Here’s an old joke:
There was this old man who had a favorite hunting story that he liked to tell over and over. Even though his friends and family had heard it many times, he was always looking for a suitable opportunity in any gathering to repeat it.
At one function, there was no break in the conversation that gave him the chance, so he took his walking stick and, when no one was looking, struck the ground hard with it, making a loud report.
In the startled silence that followed, he said “What’s that? A gun shot? Well, talking about guns . . .”
Ok, so it’s not a great joke. Not even a good one. I am terrible at telling jokes and don’t even remember them shortly after hearing them.
The point is that that old joke suddenly popped into my head during the Obama-McCain debate, when McCain took whatever opportunity he got to go on about earmarks. It seems like it is his favorite topic, something that he works into every speech and interview, delighting in the details.
He went on about the three million dollar earmark that Obama, as part of the Illinois delegation, had requested for an ‘overhead projector’, implying that this for something you find in any classroom and was a boondoggle. It was actually for a projector for the Adler Planetarium in Chicago, to project the night sky onto the dome. It is the oldest planetarium in the US and whose current projector is forty years old. Those projectors are expensive.
But that was not my point. Sure, earmarks are not good budget practice. But they are not the worst things in the world. In fact, in the grand scheme of things within the US budget, they are rather small potatoes. If you get rid of every earmark, you would still have huge financial problems. McCain’s seems overly obsessed with them even as we are talking of trillion dollar bailouts and while he wants to provide hundreds of billions of dollars in tax cuts to wealthy people.
At some point, you begin to wonder whether McCain’s focus on earmarks is a way to avoid talking about real budgetary issues. It seems to have become a gimmick, a way to score cheap points.
The debate itself was a rather boring, I thought. The candidates pretty much rehashed the same things they have been saying for a long time. I didn’t think there was a clear winner but the snap polls all indicate that Obama won quite handily. (See here, here, and here.)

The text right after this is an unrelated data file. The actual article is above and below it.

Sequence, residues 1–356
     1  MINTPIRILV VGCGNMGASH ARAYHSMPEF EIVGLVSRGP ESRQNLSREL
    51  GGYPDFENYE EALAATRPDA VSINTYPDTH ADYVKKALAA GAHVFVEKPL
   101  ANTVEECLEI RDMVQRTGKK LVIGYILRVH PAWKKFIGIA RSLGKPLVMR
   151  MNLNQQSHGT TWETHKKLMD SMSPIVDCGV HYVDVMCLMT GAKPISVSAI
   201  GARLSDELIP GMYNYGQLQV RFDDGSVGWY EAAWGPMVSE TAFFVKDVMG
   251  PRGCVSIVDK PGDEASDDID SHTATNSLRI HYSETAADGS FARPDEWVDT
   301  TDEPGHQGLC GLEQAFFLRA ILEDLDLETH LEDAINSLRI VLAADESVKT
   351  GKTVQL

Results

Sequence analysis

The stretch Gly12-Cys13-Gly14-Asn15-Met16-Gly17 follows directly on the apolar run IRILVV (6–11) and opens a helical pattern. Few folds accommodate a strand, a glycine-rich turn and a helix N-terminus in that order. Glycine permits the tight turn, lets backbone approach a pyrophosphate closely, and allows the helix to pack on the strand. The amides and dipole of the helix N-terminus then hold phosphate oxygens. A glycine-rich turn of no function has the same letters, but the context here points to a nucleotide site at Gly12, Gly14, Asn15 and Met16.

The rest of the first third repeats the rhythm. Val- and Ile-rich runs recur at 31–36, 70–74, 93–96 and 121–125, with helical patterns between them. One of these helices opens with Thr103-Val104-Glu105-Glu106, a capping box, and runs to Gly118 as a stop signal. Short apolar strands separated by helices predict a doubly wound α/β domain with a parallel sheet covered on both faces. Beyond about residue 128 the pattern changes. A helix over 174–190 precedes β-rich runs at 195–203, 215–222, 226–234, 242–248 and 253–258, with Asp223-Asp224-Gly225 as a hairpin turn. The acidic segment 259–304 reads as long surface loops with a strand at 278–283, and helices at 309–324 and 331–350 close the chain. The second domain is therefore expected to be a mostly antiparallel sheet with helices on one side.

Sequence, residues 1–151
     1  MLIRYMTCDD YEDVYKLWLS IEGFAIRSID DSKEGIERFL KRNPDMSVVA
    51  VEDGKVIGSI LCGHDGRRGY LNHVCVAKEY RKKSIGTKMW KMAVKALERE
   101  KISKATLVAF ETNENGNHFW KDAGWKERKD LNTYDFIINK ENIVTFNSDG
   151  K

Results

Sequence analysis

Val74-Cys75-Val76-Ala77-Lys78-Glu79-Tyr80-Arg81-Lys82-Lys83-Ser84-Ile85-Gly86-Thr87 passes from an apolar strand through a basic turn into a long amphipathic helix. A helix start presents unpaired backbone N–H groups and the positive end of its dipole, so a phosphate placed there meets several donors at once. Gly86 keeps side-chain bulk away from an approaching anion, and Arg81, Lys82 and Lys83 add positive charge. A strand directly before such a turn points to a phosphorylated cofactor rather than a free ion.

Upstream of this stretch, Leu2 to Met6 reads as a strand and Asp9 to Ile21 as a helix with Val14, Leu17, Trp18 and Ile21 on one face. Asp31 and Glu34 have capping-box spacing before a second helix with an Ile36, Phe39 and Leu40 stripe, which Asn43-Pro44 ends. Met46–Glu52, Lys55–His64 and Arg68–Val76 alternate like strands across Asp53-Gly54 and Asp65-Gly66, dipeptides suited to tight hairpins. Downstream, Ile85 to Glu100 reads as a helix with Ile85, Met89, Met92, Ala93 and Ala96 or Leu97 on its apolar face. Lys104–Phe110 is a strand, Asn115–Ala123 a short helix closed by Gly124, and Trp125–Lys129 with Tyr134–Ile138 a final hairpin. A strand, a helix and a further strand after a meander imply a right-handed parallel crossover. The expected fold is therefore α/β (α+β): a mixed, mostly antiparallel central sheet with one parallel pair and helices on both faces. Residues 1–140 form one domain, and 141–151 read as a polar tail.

The format was awful. So far, only the first debate was a real debate. At times, both candidates seemed to want to break free of the rigid constraints and get more free-wheeling but the smug and self-important moderator Tom Brokaw (easily one of the most annoying people on network news, even worse than Gwen Ifill who moderated the vice presidential debate) kept reining them in, reminding them about the rules that had been agreed upon. His selection of questions was mediocre.
But if the candidates themselves wanted to change the rules in mid-debate, why shouldn’t they be allowed to? (There was a great episode in The West Wing when at the beginning of a presidential debate, just after the moderator had read all the detailed rules about time limits and no cross-talk and the like, the candidates decided to chuck them and simply talk back and forth. Too bad that only happens in fiction.)
One item that irritated me was McCain’s repeated claim that he knows how to get Bin Laden:
He has said this before, and at other times has also said that he knows how to end the war in Iraq. But if he does know how to do all these things, why has he not told President Bush? Surely, if he “puts country first” then he should have told Bush his secret plans a long time ago to get the country out of the current mess, rather than using it as a lure to get people to vote for him. What if he loses? Is he going to take his secret plans and sulk, refusing to share it with anybody, like a spoiled child? Why doesn’t someone question him on the ethics of keeping it secret? It reminded me of Nixon’s ‘secret’ plan to end the Vietnam war.
Meanwhile, last week, NBC news anchor Brian Williams and David Letterman had a surprisingly thoughtful analysis of the campaign so far and the vice-presidential debate (except for some nonsense midway about how great Tom Brokaw and Tim Russert are):
Letterman made a good observation about Sarah Palin taking everyone by surprise with her opening “Can I call you Joe” remark to Biden as they were being introduced. I too thought it a little odd but put it down to a mere affectation. Letterman thinks that she did this in order to set up her planned line “Say it ain’t so, Joe” later in the debate. Since it has become clear that during the debate she was reading much of her responses from cue cards, that kind of set up for a ‘zinger’ would not surprise me.
POST SCRIPT: Train metaphor for candidates
One thing that struck me during the debate was that McCain looked and walked and talked like an old man. His allusions were dated. Some older people have an old-world style is graceful and charming and even reassuring. But McCain just comes across as out of touch and cranky.
(Thanks to a commenter at DailyKos.)
If you liked the train metaphor, then take a look at this one.